Translated version of this PSD: Ukrainian
The European Bank for Reconstruction and Development ("EBRD") is launching a new lending facility ("USELF-III") to replace the original Ukraine Sustainable Energy Lending Facility ("USELF"), which is set to expire on 30 June 2018. EBRD launched USELF in 2009 to support and finance the first non-large hydropower renewable energy projects in Ukraine. Since inception, the facility has invested more than EUR 100 million to finance over 150 MW across all renewable energy technologies.
As a result of the development of the renewable energy sector, there is growing interest from major international developers to implement larger RES projects. Therefore, to continue supporting the Ukrainian renewable energy sector, the EBRD, intends to commit an envelope of EUR 250 million from its own resources to finance new private renewable energy projects in Ukraine.
The purpose of the new facility is to help Ukraine achieve its target of 11% gross final electricity consumption from renewable energy sources by 2020 as set in the National Renewable Energy Action Plan approved in October 2014. Despite the significant growth of renewable energy in the recent years, the penetration of renewable energy other than large hydropower remains low, at approximately 1.5% of annual generation.
The facility's transition impact stems from the following two transition qualities:
Green: The facility will fund the development and financing of renewable energy generation assets and contribute to the reduction of CO2 emissions.
Competitive: The facility will foster private ownership of renewables projects in the power generation sector, which is dominated by state controlled nuclear, some thermal power plants and large hydro power facilities, which make up almost 80% of the country's total installed capacity.
In addition to the facility, EBRD will continue supporting Ukraine in the design and implementation of the next phase of its renewable energy support mechanism that is expected to introduce competitive auctions mechanism.
The facility will be available for small, medium, and large private renewable energy developers across all technologies (solar, wind, biomass, biogas and small hydro). It will be used to finance renewable energy projects developed by both local and international developers.
EBRD Finance Summary
Total Project Cost
Environmental and Social Summary
Under the Bank's 2014 Environmental and Social Policy, the Framework itself is not categorised.
The independent consultant retained for the Framework, under terms of reference agreed with the Bank, will categorise each sub-project and carry out a project and sponsor-specific environmental and social due diligence (ESDD) and information disclosure to ensure compliance of that sub-project with the Bank's Performance Requirements (PRs). In the absence of any site specific sensitivities or concerns associated with any future sub-project, it is anticipated that they will be categorised as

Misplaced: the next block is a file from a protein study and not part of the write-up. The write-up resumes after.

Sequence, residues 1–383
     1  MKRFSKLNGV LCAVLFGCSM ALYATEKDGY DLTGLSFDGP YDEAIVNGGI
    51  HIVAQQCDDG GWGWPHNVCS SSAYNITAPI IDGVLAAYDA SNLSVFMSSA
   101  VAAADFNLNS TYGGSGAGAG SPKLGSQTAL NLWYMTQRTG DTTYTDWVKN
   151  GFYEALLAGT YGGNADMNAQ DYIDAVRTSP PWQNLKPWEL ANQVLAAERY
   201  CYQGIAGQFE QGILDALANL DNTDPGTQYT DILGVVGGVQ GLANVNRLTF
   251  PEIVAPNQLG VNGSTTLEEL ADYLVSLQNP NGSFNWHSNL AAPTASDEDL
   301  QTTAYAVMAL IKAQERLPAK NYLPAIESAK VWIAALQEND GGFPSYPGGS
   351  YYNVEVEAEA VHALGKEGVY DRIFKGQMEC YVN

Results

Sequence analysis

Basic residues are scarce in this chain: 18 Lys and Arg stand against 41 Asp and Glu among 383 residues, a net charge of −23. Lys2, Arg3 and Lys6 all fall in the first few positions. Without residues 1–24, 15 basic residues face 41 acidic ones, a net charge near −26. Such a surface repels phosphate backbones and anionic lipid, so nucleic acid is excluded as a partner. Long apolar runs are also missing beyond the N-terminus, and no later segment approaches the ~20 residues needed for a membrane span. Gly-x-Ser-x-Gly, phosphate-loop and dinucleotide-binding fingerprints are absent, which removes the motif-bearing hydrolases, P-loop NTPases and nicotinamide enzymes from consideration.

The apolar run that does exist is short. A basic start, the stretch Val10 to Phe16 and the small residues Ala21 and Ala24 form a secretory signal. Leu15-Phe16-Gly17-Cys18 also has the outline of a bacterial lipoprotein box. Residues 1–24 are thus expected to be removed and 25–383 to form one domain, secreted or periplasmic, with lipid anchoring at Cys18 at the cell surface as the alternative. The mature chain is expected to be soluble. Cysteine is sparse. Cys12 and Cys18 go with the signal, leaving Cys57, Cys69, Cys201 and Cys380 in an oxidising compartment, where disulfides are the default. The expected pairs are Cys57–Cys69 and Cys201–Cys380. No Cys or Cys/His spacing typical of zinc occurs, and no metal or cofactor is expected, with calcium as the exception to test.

B, subject to confirmation during project-specific appraisals. The Facility will consider renewable energy generation projects including small hydro, wind, geothermal, biomass/biogas, and solar that will be associated with E&S impacts that are predicted to be site-specific and to be addressed via implementation of mitigation measures. In addition to the PRs and general Good Industry Practice requirements, the EBRD Environmental and Social Guidance Note for Hydropower Projects and other available on EBRD website E&S appraisal guidance materials will be applied as appropriate.
For each sub-project the consultant will develop a Non-Technical Summary (NTS), Stakeholder Engagement Plan (SEP) and Environmental and Social Action Plan (ESAP), as appropriate, based on the ESDD findings. The Framework's PSD page will contain brief summary of each sub-project and links to the key project documents published on the USELF website to facilitate information disclosure and public consultation.
Technical Cooperation funds are currently being sought to help provide assistance to smaller local developers to prepare projects in Ukraine. It is envisioned that a consultancy team will support smaller developers with project permitting and licensing, commercial negotiations, environmental and social due diligence and project management. This will ensure that projects follow EBRD's and international standards and best corporate governance practices.
For business opportunities or procurement, contact the client company.
EBRD project enquiries not related to procurement:
Tel: +44 20 7338 7168
Public Information Policy (PIP)
The PIP sets out how the EBRD discloses information and consults with its stakeholders so as to promote better awareness and understanding of its strategies, policies and operations. Please visit the Public Information Policy page below to find out how to request a Public Sector Board Report.
Text of the PIP
Project Complaint Mechanism (PCM)
The Project Complaint Mechanism (PCM) is the EBRD's accountability mechanism. It provides an opportunity for an independent review of complaints from individuals and organisations concerning EBRD-financed projects which are alleged to have caused, or are likely to cause, environmental and/or social harm.
Please visit the Project Complaint Mechanism page to find information about how to submit a complaint. The PCM Officer (firstname.lastname@example.org) is available to answer any questions you may have regarding the submission of a complaint and criteria for registration and eligibility, in accordance with the PCM Rules of Procedure.